0.5 to 1 35 0.72 0.30
0 to 0.5 49 0.16 0.08
-0.5 to 0 50 -0.27 -0.03
-1 to -0.5 41 -0.79 0.09
-1.5 to -1 24 -1.28 -0.29
-2 to -1.5 12 -1.78 -0.32
<-2 13 -2.59 -0.55

If on-ice shot distance were completely random we wouldn’t see any trend reading the last column top to bottom. This isn’t the case; there is a trend, but it’s noisy.

When we look at these correlations, we’re capturing more than just a defenceman’s talent, of course: his teammates, zone starts, opponents, etc. are all mixed in. Taking everything into consideration I’d say that defencemen have little identifiable talent for forcing their opponents’ shots to come from further out or closer in. But it would be interesting to look into things deeper, perhaps with more seasons’ worth of data and only focussing on ‘open play’ shots.

Something else I wanted to check was the relationship between shots against distance and save percentage. On-ice save percentage for defencemen is largely luck-driven by about as much as on-ice shot distance is. And distance and save percentage are closely related in general. So, maybe year-to-year changes in on-ice save percentage are driven by changes in shot distance?

SADist rel vs. SV% rel

This doesn’t appear to be the case. About 2% of a player’s on-ice relative save percentage can be explained by his on-ice shots against distance. Trying to understand this intuitively, we know that the league average shot distance is 36 ft., and the majority of defencemen are in the 35–37 range for shots against distance. The difference in save percentage between a 35 ft. shot and a 37 ft. shot just isn’t that big compared to other factors affecting save percentage.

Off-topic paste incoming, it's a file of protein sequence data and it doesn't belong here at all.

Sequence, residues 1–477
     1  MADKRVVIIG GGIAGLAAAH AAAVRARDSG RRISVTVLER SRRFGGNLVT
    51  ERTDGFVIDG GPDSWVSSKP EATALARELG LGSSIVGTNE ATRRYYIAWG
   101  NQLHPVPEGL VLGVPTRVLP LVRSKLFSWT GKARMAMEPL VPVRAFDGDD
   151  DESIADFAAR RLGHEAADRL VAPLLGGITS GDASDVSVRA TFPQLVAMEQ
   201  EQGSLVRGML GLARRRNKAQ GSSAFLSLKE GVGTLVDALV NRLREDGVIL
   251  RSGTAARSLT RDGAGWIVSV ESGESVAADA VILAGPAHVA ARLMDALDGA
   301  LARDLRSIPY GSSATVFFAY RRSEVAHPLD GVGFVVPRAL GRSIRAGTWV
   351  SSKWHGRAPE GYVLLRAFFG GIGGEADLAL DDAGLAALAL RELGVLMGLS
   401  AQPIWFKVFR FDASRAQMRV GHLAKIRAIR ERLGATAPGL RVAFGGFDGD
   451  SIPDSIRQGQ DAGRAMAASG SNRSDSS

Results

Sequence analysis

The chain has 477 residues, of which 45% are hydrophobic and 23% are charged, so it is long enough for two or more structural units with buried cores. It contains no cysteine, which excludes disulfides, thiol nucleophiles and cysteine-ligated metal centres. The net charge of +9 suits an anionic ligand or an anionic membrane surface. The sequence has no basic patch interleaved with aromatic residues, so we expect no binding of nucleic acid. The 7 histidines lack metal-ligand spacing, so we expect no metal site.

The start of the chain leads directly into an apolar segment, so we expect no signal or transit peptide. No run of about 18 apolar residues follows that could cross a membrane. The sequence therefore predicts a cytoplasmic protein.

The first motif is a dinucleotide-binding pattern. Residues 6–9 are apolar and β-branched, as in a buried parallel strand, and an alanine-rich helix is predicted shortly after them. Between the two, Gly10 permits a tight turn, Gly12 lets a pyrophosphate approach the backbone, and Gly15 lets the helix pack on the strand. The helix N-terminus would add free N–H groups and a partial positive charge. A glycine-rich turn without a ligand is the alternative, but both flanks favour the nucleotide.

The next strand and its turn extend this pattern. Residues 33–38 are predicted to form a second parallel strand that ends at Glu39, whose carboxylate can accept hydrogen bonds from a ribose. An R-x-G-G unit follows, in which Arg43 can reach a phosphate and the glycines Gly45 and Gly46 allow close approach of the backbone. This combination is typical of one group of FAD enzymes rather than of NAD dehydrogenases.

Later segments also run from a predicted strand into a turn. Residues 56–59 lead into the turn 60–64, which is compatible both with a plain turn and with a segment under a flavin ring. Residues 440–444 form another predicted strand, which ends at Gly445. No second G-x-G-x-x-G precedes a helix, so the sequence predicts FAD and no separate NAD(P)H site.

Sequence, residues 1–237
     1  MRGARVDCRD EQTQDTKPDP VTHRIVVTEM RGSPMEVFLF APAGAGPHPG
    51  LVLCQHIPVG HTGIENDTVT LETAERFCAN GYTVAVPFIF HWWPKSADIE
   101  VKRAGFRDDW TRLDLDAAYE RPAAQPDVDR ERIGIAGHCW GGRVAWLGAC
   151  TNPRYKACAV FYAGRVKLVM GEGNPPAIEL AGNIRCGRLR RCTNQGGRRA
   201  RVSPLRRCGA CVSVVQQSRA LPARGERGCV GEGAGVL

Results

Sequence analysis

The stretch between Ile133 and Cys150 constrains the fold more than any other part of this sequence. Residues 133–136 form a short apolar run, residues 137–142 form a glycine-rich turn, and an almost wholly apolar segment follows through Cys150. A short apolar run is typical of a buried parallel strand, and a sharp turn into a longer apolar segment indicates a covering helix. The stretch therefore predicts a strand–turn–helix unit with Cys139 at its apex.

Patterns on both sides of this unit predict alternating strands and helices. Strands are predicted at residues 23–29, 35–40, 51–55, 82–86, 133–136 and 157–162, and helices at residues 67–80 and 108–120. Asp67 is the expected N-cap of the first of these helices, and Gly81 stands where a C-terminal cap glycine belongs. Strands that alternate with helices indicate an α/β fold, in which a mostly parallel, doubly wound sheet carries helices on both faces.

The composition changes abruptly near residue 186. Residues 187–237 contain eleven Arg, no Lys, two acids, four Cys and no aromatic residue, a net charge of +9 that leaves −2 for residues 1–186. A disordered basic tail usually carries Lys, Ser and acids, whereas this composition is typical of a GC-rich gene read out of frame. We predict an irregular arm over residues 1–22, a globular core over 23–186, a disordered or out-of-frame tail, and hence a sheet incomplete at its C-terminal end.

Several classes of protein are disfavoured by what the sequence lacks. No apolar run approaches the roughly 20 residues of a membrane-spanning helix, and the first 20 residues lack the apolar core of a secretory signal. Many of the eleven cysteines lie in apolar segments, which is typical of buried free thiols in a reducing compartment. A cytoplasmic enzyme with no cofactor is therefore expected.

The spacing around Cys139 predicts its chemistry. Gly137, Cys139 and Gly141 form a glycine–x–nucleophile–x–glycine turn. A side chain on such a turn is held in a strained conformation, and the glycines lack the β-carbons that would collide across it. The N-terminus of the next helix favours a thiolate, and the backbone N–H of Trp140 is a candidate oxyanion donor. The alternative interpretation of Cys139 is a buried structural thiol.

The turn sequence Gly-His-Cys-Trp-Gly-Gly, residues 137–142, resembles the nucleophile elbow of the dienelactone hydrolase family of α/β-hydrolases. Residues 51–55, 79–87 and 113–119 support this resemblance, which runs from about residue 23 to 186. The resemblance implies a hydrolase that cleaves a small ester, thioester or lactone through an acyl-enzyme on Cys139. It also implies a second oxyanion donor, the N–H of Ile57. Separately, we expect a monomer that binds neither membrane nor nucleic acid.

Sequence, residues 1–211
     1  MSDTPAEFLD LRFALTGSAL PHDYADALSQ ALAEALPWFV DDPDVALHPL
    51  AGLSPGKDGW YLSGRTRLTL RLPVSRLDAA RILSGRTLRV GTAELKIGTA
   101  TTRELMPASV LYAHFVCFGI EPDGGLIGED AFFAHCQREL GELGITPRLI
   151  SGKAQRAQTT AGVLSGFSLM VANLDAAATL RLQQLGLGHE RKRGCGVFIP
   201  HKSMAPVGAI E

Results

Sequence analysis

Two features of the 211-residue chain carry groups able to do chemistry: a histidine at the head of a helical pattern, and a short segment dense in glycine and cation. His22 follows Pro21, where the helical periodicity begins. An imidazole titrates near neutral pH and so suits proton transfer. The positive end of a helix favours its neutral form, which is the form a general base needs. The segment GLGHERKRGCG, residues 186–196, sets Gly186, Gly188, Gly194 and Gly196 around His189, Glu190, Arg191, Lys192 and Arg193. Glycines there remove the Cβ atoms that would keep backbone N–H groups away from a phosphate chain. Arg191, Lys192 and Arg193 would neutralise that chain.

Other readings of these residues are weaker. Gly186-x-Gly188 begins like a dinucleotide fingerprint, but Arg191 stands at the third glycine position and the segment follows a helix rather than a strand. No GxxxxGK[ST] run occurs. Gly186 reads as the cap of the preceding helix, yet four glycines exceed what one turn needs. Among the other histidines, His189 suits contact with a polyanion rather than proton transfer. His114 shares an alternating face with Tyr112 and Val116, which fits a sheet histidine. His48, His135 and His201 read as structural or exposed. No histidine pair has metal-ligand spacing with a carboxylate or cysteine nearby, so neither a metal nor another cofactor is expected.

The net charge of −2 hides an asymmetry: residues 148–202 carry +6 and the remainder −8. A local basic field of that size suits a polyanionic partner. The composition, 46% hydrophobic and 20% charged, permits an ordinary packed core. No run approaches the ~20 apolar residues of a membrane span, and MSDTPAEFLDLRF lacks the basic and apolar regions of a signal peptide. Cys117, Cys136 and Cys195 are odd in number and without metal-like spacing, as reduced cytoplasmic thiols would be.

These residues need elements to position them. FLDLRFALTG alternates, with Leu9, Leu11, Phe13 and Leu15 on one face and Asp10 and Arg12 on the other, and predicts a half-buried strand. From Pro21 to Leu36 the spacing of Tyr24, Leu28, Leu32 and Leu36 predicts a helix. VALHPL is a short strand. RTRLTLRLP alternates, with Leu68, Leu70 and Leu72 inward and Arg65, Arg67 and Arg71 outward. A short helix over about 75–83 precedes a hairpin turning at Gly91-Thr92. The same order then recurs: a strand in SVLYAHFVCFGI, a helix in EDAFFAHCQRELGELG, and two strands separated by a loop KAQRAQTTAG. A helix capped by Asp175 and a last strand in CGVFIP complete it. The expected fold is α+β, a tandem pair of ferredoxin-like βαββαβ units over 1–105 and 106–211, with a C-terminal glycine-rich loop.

Summing up, it appears that a) defencemen have little talent for forcing shots from further out, but further analysis could be done and b) there’s little relationship between relative on-ice save percentage and shot distance for defencemen. I haven’t looked at on-ice shots for distance for defencemen or any shot distances for forwards, but the data is now available to do so.

Introducing CHL statistics

It’s hard to do any kind of stat-based analysis of CHL players, including NHL draft prospects, since the only official statistics available are goals, assists, points, and penalty minutes. However, the three leagues do provide raw game-by-game data which means we can calculate more stats and make some assumptions to estimate more still. And that’s what I’ve done: Extra Skater now has statistics for CHL players for 2013-14. Check out the stats here or read on for details.

Stats available

Update 2014-06-23: I’ve removed all-situations on-ice stats because non-EV on-ice information is recorded too inconsistently across leagues to be useful

2014 NHL draft prospects

Choose ’17’ from the ‘age’ drop-down filter to show players eligible for the 2014 NHL Entry Draft. (Draft eligibility is a little more complicated than that but all the top CHL prospects are here.)

Interesting reports